I certainly support the initiative, and believe both Wodonga and Albury residents alike benefit from a shared approach to planning facilities that can benefit us all.
The recent regional natural environment strategy is an example of an early success, and if elected to council I will ensure that its actions are implemented.
(Answer 4) Mountain biking is a growing sport in Wodonga, and it's great that so many people, particularly young people, are keen to get outdoors and enjoy our local environment.
As the demand for mountain bike tracks increases it's important that this work is carefully planned and strategically located, in consultation with all relevant stakeholders, and undertaken in a way that minimises adverse impacts on native vegetation and fauna - for example well constructed trails that drain well so as not to erode soil.
(Answer 5) From a local government perspective, there is clear demand for a regional indoor aquatics facility that also includes hydrotherapy facilities.
I would also support regional deal initiatives that could strengthen our local health and education sectors.
(Answer 1) The little things - that we are big enough to have great facilities and services, but small enough to retain our community connection and friendly feel.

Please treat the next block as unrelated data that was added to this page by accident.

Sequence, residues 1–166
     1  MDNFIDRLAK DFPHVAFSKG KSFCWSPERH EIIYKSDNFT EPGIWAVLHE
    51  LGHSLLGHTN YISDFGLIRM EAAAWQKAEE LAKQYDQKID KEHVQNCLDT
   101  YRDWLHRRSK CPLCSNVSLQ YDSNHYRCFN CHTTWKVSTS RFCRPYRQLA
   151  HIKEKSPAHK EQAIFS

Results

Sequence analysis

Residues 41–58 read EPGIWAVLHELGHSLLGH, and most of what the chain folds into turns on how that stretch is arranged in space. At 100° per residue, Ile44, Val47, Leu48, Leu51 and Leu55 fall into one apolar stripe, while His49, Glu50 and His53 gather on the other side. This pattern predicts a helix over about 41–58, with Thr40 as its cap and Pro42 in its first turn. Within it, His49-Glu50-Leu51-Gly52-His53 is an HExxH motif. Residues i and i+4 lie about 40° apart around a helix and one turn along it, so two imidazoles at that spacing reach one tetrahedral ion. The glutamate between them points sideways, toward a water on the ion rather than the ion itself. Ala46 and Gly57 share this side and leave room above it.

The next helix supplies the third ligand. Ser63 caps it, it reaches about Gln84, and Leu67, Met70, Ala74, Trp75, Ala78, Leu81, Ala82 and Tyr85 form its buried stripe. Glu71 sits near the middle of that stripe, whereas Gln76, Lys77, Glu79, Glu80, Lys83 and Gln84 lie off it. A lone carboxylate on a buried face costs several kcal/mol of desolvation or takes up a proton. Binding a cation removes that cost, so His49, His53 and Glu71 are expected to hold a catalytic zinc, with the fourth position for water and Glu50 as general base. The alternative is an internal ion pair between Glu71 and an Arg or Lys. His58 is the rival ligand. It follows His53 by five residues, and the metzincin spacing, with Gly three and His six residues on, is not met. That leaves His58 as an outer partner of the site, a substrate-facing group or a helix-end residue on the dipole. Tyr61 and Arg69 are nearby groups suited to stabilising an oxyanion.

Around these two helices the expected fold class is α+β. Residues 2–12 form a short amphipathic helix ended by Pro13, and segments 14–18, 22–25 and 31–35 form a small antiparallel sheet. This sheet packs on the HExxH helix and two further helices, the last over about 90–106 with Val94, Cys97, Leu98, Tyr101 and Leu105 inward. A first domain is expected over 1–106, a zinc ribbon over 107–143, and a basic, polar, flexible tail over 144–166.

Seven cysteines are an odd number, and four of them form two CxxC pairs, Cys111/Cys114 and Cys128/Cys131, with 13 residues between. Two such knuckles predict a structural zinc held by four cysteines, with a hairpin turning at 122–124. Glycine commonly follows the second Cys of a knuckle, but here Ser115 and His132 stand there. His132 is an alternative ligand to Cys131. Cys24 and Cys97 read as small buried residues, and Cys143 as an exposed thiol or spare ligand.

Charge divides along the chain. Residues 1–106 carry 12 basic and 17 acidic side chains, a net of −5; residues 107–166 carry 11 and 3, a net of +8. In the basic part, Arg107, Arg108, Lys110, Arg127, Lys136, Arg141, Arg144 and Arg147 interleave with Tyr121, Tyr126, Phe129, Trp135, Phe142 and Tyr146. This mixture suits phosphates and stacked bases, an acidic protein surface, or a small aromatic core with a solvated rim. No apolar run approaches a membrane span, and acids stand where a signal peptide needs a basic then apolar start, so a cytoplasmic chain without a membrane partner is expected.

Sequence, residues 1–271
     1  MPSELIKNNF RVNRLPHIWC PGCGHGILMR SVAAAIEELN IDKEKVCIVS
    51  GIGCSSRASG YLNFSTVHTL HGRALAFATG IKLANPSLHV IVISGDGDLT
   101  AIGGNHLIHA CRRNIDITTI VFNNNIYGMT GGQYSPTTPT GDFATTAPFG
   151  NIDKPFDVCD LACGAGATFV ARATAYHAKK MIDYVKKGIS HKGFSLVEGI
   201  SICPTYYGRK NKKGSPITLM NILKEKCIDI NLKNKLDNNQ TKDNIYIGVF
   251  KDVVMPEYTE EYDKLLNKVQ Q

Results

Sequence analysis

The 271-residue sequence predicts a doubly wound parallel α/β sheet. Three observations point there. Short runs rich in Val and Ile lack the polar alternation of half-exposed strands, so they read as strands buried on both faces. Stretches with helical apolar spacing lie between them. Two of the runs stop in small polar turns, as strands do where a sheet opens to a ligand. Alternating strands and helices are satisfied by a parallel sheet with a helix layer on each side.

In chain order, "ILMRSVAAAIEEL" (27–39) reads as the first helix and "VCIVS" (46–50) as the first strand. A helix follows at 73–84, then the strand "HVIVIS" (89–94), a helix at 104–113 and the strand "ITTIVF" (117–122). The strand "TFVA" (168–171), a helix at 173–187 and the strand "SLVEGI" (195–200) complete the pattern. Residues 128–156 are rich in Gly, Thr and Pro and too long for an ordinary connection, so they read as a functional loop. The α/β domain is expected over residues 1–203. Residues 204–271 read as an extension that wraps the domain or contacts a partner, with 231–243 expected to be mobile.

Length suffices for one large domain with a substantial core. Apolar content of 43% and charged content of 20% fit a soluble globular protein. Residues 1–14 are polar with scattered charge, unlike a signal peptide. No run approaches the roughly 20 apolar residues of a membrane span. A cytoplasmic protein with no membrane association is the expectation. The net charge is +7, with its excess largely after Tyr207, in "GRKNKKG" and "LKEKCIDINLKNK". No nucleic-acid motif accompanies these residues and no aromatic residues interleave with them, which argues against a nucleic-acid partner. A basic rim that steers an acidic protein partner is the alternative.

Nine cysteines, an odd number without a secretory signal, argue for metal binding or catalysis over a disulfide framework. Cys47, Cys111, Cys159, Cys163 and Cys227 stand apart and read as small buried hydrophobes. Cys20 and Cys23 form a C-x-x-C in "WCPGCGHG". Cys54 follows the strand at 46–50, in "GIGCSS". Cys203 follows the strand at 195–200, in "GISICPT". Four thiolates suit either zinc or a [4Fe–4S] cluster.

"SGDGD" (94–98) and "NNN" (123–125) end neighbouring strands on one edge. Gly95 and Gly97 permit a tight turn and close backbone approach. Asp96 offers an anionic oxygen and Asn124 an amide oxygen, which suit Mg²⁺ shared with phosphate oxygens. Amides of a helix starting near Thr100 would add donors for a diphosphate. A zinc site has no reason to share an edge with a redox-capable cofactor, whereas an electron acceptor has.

I love that people look each other in the eye and still say hello in the street.
I also like our network of walking tracks and pathways, and I love the people in our community plus our environment (both built and natural).
(Answer 2) Tourism and event attraction.
Things that bring people to Wodonga and that encourage them to stay, work and play.
We need to decide what it is that we can be truly great at, renowned for (world class at) and that attracts people to our city.
Also, now that metropolitan residents have realised you can function just as well in regional cities, we need a targeted campaign to attract them and their businesses to the Wodonga area.
(Answer 3) I think the initiative was gaining good traction and starting to develop some momentum, but the recent COVID pandemic and resulting border closures has set us back.
I firmly believe that we are one community so I think this initiative needs to be maintained.
We should be able to gather some important data and learn some valuable lessons from this current situation, and use that to further strengthen this partnership and lobby for additional funding, support and change.
(Answer 4) An emotional issue with strong opinions on either side.
I'm honestly on the fence but I was really concerned at how the debate developed last time.
My question is "do we need more tracks?".
If we do, what is the case for that and how can they be developed in harmony with the natural environment.
If we don't, why not and what would be the potential opportunity lost if any?
(Answer 5) A really complex question.
In the current environment I don't think that your average person is too focused on the regional deal or understands it.
If I had to pick one, based on its ability to impact positively on some of the others, I'd say quality regional education and health services closely followed by economic development and harmonising cross-border issues.
Access to world class education and health are the cornerstone of building a thriving community, that is why I think it is our number one priority.